A recent American Chemical Society's Weekly PressPac briefly describes an important advance toward industrial-scale production of nanodevices (scroll down to item #4). With this new technique, 'zinc oxide nanowires are grown in the exact positions where nanodevices later will be fabricated, in a way that involves a minimum number of fabrication steps and is suitable for industrial-scale applications.' In fact, this technique only needs only three photolithographic steps. It could soon be used for mass fabrication of nanowire-based transistors and sensors.
You can see on the left a schematic of the photolithography process used for this new scalable fabrication of nanowire devices. "(a) Gold pads and fiducial marks are deposited on the surface. (b) Nanowires (NWs) are grown selectively from the two sides of the gold pads. (c) Metal electrodes and bonding pads are placed exactly on NWs by alignment of fiducial marks." (Credit: Babak Nikoobakht, National Institute of Standards and Technology) Here is a link to a larger version of this picture.
This new way of producing nanodevices at the industrial scale has been conceived by Babak Nikoobakht, a research chemist working for the National Institute of Standards and Technology (NIST) in the Surface and Interface research group.
This research work is published in the American Chemical Society's Chemistry of Materials journal under the name "Toward Industrial-Scale Fabrication of Nanowire-Based Devices." Here are two links to the HTML version and to the PDF version of this paper, from which the above figure has been extracted.
Here is the beginning of the abstract. "Although optical lithography is suited for producing intricate architectures, its combination with 'bottom-up' approaches becomes a very challenging issue. The challenge is to electrically address the coordinates of millions of nanoparticles (e.g., nanowires) on a given surface. Here, we describe a method that controls the registries of horizontally grown nanowires (NWs) and advances the current state-of-the-art NW device assembly technology. In this architecture, NWs are grown where the nanodevices will later be fabricated on. There is no need to transfer NWs to a different surface or align them."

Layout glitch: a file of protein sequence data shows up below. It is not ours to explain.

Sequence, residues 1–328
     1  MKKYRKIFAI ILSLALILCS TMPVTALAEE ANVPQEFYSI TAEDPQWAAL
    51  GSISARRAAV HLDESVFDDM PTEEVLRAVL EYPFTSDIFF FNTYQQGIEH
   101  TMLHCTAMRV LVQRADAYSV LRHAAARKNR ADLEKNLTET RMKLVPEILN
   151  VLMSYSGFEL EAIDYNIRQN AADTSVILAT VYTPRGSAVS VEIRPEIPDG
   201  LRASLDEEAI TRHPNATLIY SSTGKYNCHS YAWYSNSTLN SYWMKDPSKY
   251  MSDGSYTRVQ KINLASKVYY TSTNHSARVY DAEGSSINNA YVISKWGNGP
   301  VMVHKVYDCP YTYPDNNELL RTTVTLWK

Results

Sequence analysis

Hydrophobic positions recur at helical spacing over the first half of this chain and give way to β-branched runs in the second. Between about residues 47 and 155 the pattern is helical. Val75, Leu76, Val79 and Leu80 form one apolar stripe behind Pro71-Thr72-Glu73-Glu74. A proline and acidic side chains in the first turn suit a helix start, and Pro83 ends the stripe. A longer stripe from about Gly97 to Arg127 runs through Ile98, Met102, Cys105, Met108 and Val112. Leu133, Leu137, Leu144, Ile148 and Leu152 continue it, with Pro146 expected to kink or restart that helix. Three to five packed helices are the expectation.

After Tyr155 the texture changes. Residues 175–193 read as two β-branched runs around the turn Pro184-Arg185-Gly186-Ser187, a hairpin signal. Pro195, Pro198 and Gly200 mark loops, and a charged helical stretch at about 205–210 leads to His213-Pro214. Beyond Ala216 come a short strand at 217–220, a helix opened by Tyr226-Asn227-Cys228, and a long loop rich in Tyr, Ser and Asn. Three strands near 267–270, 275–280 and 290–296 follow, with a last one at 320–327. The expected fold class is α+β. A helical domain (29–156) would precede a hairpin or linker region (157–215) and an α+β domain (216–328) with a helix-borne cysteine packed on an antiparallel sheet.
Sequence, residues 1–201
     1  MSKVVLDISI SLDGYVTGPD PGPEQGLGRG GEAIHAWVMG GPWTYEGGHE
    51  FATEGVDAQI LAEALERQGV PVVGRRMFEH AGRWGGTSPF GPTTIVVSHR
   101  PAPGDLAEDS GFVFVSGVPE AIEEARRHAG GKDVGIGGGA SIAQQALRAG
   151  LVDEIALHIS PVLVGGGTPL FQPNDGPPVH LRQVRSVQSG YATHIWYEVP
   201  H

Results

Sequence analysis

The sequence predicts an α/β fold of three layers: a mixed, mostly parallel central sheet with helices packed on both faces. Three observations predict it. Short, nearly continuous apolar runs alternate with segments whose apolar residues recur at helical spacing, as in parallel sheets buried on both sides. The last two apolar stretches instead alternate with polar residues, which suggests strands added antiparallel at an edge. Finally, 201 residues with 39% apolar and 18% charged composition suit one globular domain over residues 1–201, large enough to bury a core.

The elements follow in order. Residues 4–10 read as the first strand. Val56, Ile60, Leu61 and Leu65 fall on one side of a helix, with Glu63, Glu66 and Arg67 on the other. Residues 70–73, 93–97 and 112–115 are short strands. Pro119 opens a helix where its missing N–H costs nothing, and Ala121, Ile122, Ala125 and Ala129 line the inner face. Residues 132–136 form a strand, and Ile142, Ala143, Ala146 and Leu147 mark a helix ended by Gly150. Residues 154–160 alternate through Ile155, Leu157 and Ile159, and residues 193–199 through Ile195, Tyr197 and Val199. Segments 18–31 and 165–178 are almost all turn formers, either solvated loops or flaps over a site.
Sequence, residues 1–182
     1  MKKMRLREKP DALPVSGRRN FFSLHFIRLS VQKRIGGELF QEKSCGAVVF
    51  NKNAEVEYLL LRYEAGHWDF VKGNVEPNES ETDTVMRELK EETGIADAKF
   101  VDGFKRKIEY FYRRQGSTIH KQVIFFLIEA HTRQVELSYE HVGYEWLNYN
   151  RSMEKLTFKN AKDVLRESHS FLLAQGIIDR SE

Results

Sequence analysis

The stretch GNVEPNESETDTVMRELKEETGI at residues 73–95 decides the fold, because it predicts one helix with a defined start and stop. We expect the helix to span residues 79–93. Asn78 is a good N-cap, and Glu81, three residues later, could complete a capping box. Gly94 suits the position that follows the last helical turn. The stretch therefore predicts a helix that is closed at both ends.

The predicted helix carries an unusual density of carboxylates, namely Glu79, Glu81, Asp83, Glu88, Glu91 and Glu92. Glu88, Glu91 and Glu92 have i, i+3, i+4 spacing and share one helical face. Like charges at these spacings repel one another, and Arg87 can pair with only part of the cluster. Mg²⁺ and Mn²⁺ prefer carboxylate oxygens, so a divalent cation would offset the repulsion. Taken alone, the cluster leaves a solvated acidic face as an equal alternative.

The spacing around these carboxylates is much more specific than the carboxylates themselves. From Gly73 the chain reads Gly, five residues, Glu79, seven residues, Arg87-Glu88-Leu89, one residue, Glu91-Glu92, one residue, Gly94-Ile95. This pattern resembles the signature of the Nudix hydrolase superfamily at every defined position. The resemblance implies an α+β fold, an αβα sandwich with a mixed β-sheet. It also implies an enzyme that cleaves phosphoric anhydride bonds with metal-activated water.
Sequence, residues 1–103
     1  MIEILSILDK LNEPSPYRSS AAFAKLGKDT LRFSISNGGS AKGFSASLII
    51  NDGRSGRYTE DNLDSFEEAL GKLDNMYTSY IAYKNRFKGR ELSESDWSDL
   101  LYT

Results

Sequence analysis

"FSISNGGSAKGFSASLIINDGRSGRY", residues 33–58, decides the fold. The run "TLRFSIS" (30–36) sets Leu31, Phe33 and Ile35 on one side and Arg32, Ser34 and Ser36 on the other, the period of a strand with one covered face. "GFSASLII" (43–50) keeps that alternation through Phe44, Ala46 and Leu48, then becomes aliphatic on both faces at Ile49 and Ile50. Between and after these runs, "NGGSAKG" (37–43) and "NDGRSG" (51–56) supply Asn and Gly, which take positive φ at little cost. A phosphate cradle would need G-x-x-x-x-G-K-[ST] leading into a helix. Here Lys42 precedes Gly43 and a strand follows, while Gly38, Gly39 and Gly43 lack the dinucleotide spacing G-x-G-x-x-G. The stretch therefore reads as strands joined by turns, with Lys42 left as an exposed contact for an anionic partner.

This technique only needs only three photolithographic steps. "The first is defining the starting coordinates of horizontally grown NWs. Since the growth direction of NWs is known, the end point coordinates of NWs become known as well. Therefore, the devices would be exactly fabricated where horizontal NWs are residing. Second, this method allows control over the number of NWs in each device. This is because each NW is grown from a gold nanodroplet, thus controlling this number results in control over the number density of NWs. Third, this is a scalable technique capable of industrial-scale applications in its current status."
Here is the conclusion from the researchers. "In comparison to other available techniques this method requires a minimum number of fabrication steps. The chemical method provides the horizontal growth of NWs from individual gold nanodroplets, and their alignment is dictated by lattice match with the underlying substrate. Locations of NWs, with a submicrometer precision, are controlled by the position of gold patterns made by photolithography. NWs are grown where the devices will be fabricated, and there is no need to transfer NWs to a different substrate. This approach in its current state seems to be a promising methodology for parallel nanodevice fabrication at technologically relevant scales."
Sources: American Chemical Society, November 7, 2007; and various websites
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